Press Release
July 28, 2021

Senators hail rights activist Nini Quezon Avanceña, daughter of wartime President Quezon

The Senate on Wednesday, July 28, 2021, hailed Maria Zeneida "Nini" Quezon-Avanceña, a human rights activist and the last surviving child of President Manuel Quezon, the first President of the Philippine Commonwealth.

Senators adopted Senate Resolution No. 776, introduced by Sen. Francis "Kiko" Pangilinan, "honoring the life of service" of Avanceña, and "expressing the profound sympathy and sincere condolences" on her passing last July 12. She turned 100 years old last April 9.

Avanceña devoted her long life to various causes leading to her appointment to the Presidential Committee on Human Rights of then President Corazon Cojuangco Aquino in 1986. The committee, chaired by former Sen. Jose W. Diokno, was created prior to the 1987 Philippine Constitution that created what is now known as the Commission on Human Rights.

During the Martial Law years, Avanceña co-founded Concerned Women of the Philippines, a socio-civic organization, the objectives of which were to promote human dignity, preserve and protect civil liberties and human rights, defend the poor, exploited and victims and injustices, and assure the legacy of justice, freedom and peace, Pangilinan said in his resolution.

"The organization courageously made its stand against tyranny and published it manifestos on the pages of government-controlled newspapers," he added.

She was also a member of Movement Against Presidential Commitment Order (PCO), an issuance of the late President Ferdinand Marcos when he placed the country under military rule in 1972 to quell dissent.

Her political activism saw her joining Kilusan sa Kapangyarihan at Karapatan ng Bayan (Kaakbay) which was founded by Diokno. "The group advocated for human rights and the end of dictatorial rule through non-violent means," the resolution stated.

She visited and advocated the release of Satur Ocampo, the longest political detainee during the Marcos administration long before he was elected Bayan Muna Partylist Representative.

Avanceña co-founded the Citizens Organization for Political Detainees and served on the board of the Philippine Union for Human Rights and the Ecumenical Commission for Displaced Families and Communities.

Reports said Avanceña submitted the family's landholdings in Arayat, Pampanga, and in Baler, Aurora, to agrarian reform in 1949 and after the 1986 revolution, respectively. For this, she received an award from the Department of Agrarian Reform as the first to submit to the land redistribution program.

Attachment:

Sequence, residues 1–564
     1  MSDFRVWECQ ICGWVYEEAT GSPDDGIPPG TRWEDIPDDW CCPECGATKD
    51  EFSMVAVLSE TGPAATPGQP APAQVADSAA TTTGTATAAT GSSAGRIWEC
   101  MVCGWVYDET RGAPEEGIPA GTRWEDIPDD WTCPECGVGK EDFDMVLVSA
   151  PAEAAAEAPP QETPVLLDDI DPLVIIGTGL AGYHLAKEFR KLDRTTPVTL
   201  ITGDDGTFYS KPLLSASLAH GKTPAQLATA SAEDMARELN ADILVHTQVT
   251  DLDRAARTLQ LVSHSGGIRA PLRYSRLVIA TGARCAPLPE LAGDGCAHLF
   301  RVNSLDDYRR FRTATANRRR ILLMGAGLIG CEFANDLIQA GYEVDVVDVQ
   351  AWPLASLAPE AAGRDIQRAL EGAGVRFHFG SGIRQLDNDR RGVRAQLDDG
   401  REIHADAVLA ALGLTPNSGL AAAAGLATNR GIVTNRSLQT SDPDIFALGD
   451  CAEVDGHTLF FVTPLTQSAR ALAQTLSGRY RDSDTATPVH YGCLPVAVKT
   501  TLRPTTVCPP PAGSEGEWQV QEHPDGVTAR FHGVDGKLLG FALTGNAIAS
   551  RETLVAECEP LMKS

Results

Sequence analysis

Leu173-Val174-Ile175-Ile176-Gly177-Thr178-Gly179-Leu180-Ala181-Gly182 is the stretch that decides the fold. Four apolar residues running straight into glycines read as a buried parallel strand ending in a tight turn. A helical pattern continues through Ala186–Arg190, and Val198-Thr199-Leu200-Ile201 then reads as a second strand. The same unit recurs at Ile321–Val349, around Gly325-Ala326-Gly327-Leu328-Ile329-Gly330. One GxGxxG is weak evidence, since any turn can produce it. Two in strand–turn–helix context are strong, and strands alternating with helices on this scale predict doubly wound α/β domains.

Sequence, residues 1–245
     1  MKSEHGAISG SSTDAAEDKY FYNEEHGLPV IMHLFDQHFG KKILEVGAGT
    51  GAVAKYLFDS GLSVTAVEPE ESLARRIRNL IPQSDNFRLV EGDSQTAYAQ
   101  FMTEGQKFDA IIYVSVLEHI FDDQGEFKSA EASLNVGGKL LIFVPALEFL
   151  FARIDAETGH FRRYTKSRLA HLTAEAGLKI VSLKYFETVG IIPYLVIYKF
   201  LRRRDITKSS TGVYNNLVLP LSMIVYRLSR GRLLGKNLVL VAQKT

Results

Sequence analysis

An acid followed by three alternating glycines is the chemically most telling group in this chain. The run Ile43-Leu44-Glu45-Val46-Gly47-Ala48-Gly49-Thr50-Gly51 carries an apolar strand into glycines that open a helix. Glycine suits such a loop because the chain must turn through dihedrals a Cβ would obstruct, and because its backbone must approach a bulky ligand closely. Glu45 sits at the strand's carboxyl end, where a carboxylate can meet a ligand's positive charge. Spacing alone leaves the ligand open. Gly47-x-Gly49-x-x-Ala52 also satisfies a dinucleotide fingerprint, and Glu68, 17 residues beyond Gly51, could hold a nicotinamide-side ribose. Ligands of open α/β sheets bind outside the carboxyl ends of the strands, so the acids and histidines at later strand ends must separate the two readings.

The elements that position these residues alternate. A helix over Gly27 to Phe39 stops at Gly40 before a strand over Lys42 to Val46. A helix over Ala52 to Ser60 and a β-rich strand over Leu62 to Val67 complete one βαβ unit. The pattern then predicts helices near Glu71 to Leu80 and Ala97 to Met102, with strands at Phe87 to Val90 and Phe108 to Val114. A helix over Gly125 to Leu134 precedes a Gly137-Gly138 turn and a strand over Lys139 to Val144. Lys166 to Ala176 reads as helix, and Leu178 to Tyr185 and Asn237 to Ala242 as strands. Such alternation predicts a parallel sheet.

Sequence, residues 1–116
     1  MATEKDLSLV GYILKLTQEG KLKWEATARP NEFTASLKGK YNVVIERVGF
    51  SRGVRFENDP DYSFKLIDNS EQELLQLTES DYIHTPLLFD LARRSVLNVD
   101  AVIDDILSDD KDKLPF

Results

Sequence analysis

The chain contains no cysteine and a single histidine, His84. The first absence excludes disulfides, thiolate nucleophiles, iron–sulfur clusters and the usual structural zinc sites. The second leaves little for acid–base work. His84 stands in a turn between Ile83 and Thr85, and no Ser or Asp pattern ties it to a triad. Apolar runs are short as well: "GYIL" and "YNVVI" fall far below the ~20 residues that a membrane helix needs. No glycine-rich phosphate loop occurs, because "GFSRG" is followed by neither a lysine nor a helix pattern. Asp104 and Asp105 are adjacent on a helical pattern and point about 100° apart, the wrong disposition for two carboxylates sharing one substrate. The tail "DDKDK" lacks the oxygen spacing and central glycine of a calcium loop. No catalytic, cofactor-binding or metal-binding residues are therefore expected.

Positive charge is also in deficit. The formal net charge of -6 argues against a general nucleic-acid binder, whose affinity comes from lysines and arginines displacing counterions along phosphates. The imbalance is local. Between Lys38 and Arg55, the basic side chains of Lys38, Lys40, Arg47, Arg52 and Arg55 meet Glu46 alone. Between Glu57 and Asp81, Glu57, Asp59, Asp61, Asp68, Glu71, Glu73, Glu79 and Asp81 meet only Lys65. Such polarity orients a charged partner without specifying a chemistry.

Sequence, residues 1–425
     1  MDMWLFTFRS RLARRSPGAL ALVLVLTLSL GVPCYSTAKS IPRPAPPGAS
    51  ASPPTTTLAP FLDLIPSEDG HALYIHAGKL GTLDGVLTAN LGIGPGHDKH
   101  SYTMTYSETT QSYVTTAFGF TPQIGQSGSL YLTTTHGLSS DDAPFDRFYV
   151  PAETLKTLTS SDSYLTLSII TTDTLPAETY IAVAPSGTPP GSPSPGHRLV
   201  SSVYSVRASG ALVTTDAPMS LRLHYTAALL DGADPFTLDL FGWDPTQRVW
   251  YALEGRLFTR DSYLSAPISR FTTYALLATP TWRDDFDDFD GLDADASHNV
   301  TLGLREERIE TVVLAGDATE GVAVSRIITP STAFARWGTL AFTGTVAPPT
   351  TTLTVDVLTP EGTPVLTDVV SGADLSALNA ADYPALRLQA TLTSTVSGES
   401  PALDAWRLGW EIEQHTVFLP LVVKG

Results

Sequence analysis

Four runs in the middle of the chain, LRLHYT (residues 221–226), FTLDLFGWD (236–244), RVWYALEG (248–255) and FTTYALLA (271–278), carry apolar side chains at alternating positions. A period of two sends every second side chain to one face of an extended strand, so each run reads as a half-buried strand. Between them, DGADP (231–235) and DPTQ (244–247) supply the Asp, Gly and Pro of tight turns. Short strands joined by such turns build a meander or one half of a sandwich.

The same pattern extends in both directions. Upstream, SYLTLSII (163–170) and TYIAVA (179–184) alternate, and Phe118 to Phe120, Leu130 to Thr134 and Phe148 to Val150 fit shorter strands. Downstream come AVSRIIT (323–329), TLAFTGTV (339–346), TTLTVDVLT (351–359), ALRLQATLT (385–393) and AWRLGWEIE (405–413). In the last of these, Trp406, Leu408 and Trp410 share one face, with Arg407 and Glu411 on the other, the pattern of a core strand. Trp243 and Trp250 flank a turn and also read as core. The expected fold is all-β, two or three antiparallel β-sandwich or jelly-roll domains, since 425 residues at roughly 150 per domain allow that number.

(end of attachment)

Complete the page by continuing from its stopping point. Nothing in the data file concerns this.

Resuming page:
She also served as president of the Philippine Tuberculosis Society (President Quezon died of TB) and as the first president of Assumption College Alumni Association in 1965.

After the EDSA Revolution in 1986, to which she actively participated to depose Marcos, she was appointed to the PCHR. She later resigned from her position in protest of the Mendiola massacre on January 22, 1987. She also took part in EDSA II that forced former President Joseph Estrada to step down.

"As a private citizen, Nini Quezon-Avanceña continued to silently work for and support worthy causes, reaching out to the grassroots and helping many Filipinos. She also unhesitatingly called out social inequalities and injustices," Pangilinan said.

"Nini Quezon-Avanceña lived for a century showing her deep love of country, sense of duty, and unwavering faith in our countrymen. She left behind a nation grateful for her commitment to defend human rights and uphold the principles of freedom and democracy," he added.

She married Felipe Buencamino III in 1947. Two years later, however, on April 28, 1949, Buencamino, her mother Doña Aurora and her elder sister Maria Aurora, were ambushed and killed by members of a guerrilla group Hukbong Bayan Laban sa Hapon (Hukbalahap) in Bongabon, Nueva Ecija.

She had two children with Buencamino and seven with her second husband, Alberto Avanceña, whom she married in 1951.

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